(Written By Michael Indeku)
Grime as a genre has come some way, sure it has. From the days when they had to literally pirate their own stations so that they could play their music, given the local stations in London were unwilling to take their music on board… It has now become one of the biggest and most celebrated genres in the UK and across the borders.
As a matter of fact, it is cited as the most influential music genre in the UK since the days of funk.
Grime was synonymous with depicting the frustrations young people who grew up in the grey council estates in London’s East End area faced, and still is to some degree.
One aspect of the culture that is synonymous with life in such neighborhoods is violence and criminal acts such as thuggery. This especially holds with Underground Grime which has a higher tempo than mainstream Grime.
With artistes vowing to stay as true to the depiction of such life, they don’t shy away from incorporating those aspects in their music lyrics and videos, particularly violence.
This has culminated in brawls and constant beefs as many grime artistes try to prove their toughness by talking about murder and having sleek guns in their music videos. Calling out other rappers as they battle rap became a common sight.
The lyrics and videos culminates on the real streets with guns and violence in endless showing.
The police moved in to ban grime nights in clubs believing that it was the instigator that led to bar brawls and violence.
Around the time of 2005, Grime artiste, Crazy Titch was sentenced to life in prison after being found guilty of killing rival producer Richard Holmes due to offensive lyrics against his brother in a song produced by Holmes.
Another example is one of the acclaimed Grime founding fathers, Wiley who had been stabbed 21 times throughout his lifetime including a nasty slash that left a scar on his face.
Of course not every example of violence can be directly attributed to Grime music, but violence has always had a distant attachment to grime. This proved to be counter-productive to the success of Grime as clubs could no longer play the genre, police always breathing on the genre’s neck and the market preferring other less violent genres such as house.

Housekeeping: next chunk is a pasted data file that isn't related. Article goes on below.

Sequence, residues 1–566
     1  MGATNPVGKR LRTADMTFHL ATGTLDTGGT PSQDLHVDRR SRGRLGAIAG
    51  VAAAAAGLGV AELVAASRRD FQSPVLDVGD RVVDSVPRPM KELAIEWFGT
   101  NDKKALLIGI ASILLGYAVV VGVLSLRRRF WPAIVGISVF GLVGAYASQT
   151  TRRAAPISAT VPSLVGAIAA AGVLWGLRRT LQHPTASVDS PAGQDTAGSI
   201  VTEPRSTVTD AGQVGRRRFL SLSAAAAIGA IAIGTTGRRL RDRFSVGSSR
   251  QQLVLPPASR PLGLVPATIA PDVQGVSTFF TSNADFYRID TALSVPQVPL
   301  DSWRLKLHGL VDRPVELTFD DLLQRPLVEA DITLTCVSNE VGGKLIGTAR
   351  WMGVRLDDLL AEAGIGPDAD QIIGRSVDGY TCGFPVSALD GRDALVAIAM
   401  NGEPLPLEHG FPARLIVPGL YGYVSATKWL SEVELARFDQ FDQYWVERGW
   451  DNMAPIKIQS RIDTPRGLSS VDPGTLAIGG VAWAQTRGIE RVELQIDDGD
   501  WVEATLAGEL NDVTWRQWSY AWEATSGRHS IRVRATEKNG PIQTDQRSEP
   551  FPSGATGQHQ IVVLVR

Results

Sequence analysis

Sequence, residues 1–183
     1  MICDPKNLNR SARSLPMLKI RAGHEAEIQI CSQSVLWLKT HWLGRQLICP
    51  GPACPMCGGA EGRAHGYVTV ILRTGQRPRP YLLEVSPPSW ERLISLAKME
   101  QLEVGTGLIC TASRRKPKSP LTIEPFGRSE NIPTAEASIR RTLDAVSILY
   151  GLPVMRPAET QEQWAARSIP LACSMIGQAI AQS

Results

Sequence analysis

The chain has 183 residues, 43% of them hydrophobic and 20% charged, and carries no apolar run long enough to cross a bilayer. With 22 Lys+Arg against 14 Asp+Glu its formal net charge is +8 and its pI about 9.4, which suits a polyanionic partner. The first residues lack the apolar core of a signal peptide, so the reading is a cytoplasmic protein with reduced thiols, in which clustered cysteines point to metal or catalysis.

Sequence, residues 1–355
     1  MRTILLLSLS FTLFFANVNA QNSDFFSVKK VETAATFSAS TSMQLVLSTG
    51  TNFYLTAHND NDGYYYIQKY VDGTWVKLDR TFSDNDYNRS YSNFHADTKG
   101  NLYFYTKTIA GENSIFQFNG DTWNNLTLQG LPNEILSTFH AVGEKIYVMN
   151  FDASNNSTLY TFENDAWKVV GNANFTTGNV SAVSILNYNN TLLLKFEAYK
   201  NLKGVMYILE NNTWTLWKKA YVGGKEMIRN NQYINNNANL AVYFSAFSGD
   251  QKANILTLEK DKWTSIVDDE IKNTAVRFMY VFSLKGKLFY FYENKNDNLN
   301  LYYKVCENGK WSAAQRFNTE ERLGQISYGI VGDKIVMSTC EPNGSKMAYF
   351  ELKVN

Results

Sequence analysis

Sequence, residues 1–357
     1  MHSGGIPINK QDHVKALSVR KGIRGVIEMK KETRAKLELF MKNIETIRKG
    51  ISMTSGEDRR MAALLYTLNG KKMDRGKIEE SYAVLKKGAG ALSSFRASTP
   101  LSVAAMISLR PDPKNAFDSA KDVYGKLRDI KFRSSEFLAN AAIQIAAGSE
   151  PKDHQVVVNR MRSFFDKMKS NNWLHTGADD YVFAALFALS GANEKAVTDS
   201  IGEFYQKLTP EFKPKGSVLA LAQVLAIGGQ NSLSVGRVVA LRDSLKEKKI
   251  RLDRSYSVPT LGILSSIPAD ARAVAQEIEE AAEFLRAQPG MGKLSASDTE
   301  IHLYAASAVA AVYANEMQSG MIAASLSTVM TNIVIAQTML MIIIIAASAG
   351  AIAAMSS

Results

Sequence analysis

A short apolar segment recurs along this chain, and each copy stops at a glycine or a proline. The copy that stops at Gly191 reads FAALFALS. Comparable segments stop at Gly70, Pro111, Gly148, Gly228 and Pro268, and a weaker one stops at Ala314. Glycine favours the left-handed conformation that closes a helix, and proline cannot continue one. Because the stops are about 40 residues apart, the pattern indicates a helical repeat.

There has been criticism from Government officials and critiques who stated the music was of a ‘sexual and violent nature’.
Some producers have put the call to spread more positive messages through the genre. Coming from ignored hoods such as grey council estates however, most resign to the fact that the artistes will do as they wish…
(WRITTEN BY MICHAEL WINDEKU)
As a week of celebration for Grime lauds in, it would be amiss, more to the extent of defective if we did not spend a considerable amount of time looking into grime culture.
Grime has nowadays blown up and is appreciated in many parts of the world as its style and flair has won many hearts, notwithstanding cultural backgrounds.
True to that, music is universal and should transcend obvious hitches such as culture and geographical points. Much of this acclaim is owed to the hard work and talent of artistes such as Skepta, Stormzy, Wiley, Kano, Dizzee Rascal and others.
This is a huge milestone for the Grime World, but as with everything there is a huge risk of grime losing its core and meaning. If not careful, this might cause a divide in the genre; those interested in the commercial side more and those opting to stick to the original true hardcore shell that gave birth to the genre.
Grime was a form of music that came up to mainly share the culture of the working class. Coming out of London East End in the 2000’s where youngsters would make the hits out of their bedroom apartments and play the music on pirate radio stations after their music was rejected by licensed stations.
Going through a selection of grime music videos, you will stumble upon a flagrant pattern of avoiding the
flashy (contrary to most of the music world) as grime is all about the underground rebellious nature. It’s all about the hardworking nature of the culture, the frustrations shared throughout and its distinct nature.
Today however with a substantial amount of commercial and worldwide success, the music genre is forced to adapt to accommodate a wider market.
Music videos might have to adopt a more luxurious look and the sound might go through changes akin to the trap music genre so as to fit the new wave of popularity, attention and demand.
It is a given that music has to eventually evolve, failure to which will render it defunct, and grime music looks to have arrived at that stage.
However this celebration week, I opt to go deeper than the mileages the genre has covered, to appreciate the meaning of the genre as a tool which was created to unite and be used as a voice for an ignored people in a large city.